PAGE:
with sets of concerts in January and March 2017 at Rackham Auditorium.
Photo: Takács Quartet; photographer: Ellen Appel.


Ilene H. Forsyth Chamber Arts
Endowment Fund
Charles A. Sink Endowment
Supporters of this weekend’s performances by the Takács Quartet.

M AY W E A L S O R E C O M M E N D . . .
10/13–15 Mark Morris Dance Group and Silk Road Ensemble: Layla and Majnun
Denis Matsuev, piano
11/15 Gabrieli: A Venetian Coronation 1595
Tickets available at

O N T H E E D U C AT I O N H O R I Z O N . . .

You Can Dance: Mark Morris Dance Group
Ann Arbor Y, 400 W. Washington Street, 2–3:30 pm


Panel Discussion: Layla and Majnun: From the Page to the Stage
U-M Hatcher Graduate Library Gallery, 913 S. University Avenue,
4:30–6:00 pm


You Can Dance: Dorrance Dance
Ann Arbor Y, 400 W. Washington Street, 2–3:30 pm

Educational events are free and open to the public unless otherwise noted.


Foundation, Government,
& University Support
UMS gratefully acknowledges the support of the following private foundations,
government agencies, and University of Michigan units:
The Andrew W. Mellon Foundation


The William Davidson Foundation


Charles H. Gershenson Trust
The Seattle Foundation
University of Michigan Third Century Initiative

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and above


Some of the world’s
most creative
minds suffer
from one of
the most
Be a source of hope.
Help find a cure for bipolar disorder.





Volunteer for
There are many ways to
get involved: ushering at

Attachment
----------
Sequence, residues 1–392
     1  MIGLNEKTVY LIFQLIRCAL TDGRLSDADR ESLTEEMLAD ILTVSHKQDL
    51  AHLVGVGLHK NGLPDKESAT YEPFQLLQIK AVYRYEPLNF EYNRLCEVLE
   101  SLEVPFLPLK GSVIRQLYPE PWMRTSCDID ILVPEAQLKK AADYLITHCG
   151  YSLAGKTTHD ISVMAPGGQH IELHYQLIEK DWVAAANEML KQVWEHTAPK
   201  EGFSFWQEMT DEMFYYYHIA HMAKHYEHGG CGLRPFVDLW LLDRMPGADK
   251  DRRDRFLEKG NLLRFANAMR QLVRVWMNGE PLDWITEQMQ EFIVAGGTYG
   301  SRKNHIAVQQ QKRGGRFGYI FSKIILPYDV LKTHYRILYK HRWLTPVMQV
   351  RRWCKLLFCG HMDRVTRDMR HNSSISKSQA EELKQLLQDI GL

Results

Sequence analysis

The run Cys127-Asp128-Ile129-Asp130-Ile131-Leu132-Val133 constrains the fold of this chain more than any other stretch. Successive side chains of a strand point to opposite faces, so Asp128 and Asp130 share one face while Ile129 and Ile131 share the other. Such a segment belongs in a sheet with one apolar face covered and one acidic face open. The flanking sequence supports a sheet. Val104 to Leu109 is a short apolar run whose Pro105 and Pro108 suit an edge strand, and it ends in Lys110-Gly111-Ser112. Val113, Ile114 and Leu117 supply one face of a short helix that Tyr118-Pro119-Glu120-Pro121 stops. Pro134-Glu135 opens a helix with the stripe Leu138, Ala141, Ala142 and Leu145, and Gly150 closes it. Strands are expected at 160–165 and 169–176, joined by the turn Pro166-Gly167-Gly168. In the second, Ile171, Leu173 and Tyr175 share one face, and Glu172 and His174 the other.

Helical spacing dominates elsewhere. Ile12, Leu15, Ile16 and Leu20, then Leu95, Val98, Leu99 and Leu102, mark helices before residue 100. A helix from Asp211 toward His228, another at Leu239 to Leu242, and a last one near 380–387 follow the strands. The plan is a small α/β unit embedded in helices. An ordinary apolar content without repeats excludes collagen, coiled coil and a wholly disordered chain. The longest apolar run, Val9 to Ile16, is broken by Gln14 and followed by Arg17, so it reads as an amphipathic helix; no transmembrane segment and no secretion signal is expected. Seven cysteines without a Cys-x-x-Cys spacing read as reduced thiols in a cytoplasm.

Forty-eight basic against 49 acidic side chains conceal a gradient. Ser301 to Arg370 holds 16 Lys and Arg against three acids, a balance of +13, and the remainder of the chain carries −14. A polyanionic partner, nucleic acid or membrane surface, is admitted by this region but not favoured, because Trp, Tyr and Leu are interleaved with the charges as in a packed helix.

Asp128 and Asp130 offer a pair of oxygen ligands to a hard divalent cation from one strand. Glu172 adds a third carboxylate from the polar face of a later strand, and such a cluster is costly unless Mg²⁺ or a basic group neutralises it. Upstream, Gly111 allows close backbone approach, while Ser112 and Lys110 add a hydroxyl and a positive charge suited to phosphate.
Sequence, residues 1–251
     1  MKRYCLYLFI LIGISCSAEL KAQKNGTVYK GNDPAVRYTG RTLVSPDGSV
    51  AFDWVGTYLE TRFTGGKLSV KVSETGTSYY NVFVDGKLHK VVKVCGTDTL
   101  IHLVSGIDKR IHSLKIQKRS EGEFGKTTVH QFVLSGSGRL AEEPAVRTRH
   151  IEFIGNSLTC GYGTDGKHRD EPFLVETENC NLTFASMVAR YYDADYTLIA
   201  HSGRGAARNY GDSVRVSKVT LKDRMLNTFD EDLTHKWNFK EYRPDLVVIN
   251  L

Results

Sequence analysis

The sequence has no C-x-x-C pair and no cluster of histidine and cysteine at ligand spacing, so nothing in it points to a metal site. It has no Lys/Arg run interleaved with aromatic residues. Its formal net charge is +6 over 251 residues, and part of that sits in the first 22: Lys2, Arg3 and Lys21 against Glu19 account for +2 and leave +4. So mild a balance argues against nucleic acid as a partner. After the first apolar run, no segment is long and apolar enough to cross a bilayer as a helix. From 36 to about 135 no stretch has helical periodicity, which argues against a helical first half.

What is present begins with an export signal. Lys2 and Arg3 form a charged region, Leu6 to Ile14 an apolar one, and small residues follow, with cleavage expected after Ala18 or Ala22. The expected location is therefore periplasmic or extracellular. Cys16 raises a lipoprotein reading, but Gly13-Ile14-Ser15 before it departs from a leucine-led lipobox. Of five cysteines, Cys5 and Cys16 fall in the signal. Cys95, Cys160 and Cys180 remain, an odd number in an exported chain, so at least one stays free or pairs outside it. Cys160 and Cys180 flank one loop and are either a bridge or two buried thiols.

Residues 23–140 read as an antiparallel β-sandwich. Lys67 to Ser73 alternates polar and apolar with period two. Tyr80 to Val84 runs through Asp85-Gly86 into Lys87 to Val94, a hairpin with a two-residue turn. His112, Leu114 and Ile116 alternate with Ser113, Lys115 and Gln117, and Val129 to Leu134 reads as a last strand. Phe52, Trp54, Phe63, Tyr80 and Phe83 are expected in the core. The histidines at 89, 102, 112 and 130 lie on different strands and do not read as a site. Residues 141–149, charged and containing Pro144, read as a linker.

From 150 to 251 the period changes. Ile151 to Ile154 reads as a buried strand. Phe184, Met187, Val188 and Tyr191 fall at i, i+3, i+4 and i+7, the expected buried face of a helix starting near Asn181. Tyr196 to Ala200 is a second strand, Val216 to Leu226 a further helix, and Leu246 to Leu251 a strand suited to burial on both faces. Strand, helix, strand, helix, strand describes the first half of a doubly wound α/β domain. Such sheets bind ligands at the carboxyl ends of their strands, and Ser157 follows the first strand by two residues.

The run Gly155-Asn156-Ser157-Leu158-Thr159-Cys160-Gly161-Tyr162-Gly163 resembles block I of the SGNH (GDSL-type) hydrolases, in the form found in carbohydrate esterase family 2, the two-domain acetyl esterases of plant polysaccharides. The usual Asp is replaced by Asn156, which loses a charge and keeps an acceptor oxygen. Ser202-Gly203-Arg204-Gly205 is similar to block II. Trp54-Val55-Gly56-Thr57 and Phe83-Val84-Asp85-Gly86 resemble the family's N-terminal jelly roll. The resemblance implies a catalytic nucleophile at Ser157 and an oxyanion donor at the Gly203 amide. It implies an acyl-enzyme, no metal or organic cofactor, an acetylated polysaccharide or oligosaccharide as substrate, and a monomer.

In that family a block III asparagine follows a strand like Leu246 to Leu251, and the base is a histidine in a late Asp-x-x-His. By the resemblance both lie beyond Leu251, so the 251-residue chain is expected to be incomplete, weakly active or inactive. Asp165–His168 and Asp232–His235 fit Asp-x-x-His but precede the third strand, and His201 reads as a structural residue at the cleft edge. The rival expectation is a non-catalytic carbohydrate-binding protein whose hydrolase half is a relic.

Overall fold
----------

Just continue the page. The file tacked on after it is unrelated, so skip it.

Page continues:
performances, hanging
posters around town,
representing UMS at
community events, helping
to implement new and
existing programs, and so
much more.
Visit to
learn more about volunteer
opportunities and how you
can join team UMS!


Follow @umicharts


Those who work to bring
you UMS performances
each season

Falling Up and Getting Down
at Ann Arbor Skatepark;
photo: Doug Coombe.

The UMS Board of Directors is a group of elected volunteers devoted to the
performing arts and to our community. Their hard work ensures that UMS is
able to offer outstanding performances year after year.
Stephen R. Forrest
Sarah Nicoli
Vice Chair
Rachel Bendit
Tim Petersen

Janet Callaway
Mark Clague
Christopher Conlin
Lisa D. Cook
Monique Deschaine
Aaron P. Dworkin
Tiffany L. Ford
Katherine Goldberg
Richard F. Gutow
Kevin P. Hegarty
Stephen Henderson
Daniel Herwitz
Timothy R. Johnson
Christina Kim
Frank Legacki
Donald L. Morelock
Agnes Moy-Sarns
David Parsigian
Martha E. Pollack
Mark S. Schlissel
Linh Song
Gail Ferguson Stout
Victor J. Strecher
Karen Jones Stutz

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UMS Board of Directors

Jeanice Kerr Swift
Ann Arbor Public Schools
A. Douglas Rothwell
Chair, Corporate Council
Stephen G. Palms
Past Board Chair
Bruce Tuchman
Chair, National Council
William Shell
Chair, Advisory Committee
James C. Stanley
Maxine J. Frankel
Campaign Co-Chairs


UMS Senate
The UMS Senate is composed of former members of the Board of Directors who
dedicate time and energy to UMS and our community. Their ongoing commitment
and gracious support of UMS are greatly appreciated.
Wadad Abed
Michael C. Allemang
Carol L. Amster
Gail Davis-Barnes
Kathleen Benton
Lynda Berg
Richard S. Berger
Maurice S. Binkow
DJ Boehm
Lee C. Bollinger
Charles W. Borgsdorf
Janice Stevens-Botsford
Paul C. Boylan
William M. Broucek
Barbara Everitt Bryant
Robert Buckler
Letitia J. Byrd
David Canter
Kathleen G. Charla
Mary Sue Coleman
Jill A. Corr
Peter B. Corr
Ronald M. Cresswell
Martha Darling
Hal Davis
Sally Stegeman DiCarlo
Robert F. DiRomualdo
Junia Doan
Al Dodds
Julia Donovan Darlow
James J. Duderstadt
David Featherman
David J. Flowers
George V. Fornero
Maxine J. Frankel
Patricia M. Garcia
Beverley B. Geltner
Christopher Genteel
Anne Glendon
Patricia Green
William S. Hann
Shelia M. Harden
Randy J. Harris

Walter L. Harrison
Norman G. Herbert
Deborah S. Herbert
Carl W. Herstein
David Herzig
Peter N. Heydon
Toni Hoover
Joel D. Howell
Kay Hunt
Alice Davis Irani
Stuart A. Isaac
Thomas E. Kauper
Christopher Kendall
David B. Kennedy
Gloria James Kerry
Thomas C. Kinnear
S. Rani Kotha